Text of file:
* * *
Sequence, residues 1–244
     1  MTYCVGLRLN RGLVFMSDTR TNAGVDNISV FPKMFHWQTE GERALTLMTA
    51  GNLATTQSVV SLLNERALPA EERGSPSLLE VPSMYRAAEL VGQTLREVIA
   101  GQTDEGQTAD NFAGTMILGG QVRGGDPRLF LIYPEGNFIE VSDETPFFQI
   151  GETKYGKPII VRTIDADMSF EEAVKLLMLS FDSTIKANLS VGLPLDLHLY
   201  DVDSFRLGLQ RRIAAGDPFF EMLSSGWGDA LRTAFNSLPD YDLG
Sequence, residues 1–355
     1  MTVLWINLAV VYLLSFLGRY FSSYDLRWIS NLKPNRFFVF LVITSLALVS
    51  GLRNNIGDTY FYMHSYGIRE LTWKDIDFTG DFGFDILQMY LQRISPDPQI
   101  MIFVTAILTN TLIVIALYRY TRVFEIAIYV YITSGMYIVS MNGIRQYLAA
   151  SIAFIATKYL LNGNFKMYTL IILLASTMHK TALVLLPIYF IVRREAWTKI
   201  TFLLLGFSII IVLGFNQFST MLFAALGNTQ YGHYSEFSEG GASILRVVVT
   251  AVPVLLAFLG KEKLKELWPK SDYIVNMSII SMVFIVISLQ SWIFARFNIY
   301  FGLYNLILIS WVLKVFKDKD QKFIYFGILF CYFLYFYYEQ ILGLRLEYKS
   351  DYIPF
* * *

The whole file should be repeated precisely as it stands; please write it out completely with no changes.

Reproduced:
Sequence, residues 1–244
     1  MTYCVGLRLN RGLVFMSDTR TNAGVDNISV FPKMFHWQTE GERALTLMTA
    51  GNLATTQSVV SLLNERALPA EERGSPSLLE VPSMYRAAEL VGQTLREVIA
   101  GQTDEGQTAD NFAGTMILGG QVRGGDPRLF LIYPEGNFIE VSDETPFFQI
   151  GETKYGKPII VRTIDADMSF EEAVKLLMLS FDSTIKANLS VGLPLDLHLY
   201  DVDSFRLGLQ RRIAAGDPFF EMLSSGWGDA LRTAFNSLPD YDLG
Sequence, residues 1–355
     1  MTVLWINLAV VYLLSFLGRY FSSYDLRWIS NLKPNRFFVF LVITSLALVS
    51  GLRNNIGDTY FYMHSYGIRE LTWKDIDFTG DFGFDILQMY LQRISPDPQI
   101  MIFVTAILTN TLIVIALYRY TRVFEIAIYV YITSGMYIVS MNGIRQYLAA
   151  SIAFIATKYL LNGNFKMYTL IILLASTMHK TALVLLPIYF IVRREAWTKI
   201  TFLLLGFSII IVLGFNQFST MLFAALGNTQ YGHYSEFSEG GASILRVVVT
   251  AVPVLLAFLG KEKLKELWPK SDYIVNMSII SMVFIVISLQ SWIFARFNIY
   301  FGLYNLILIS WVLKVFKDKD QKFIYFGILF CYFLYFYYEQ ILGLRLEYKS
   351  DYIPF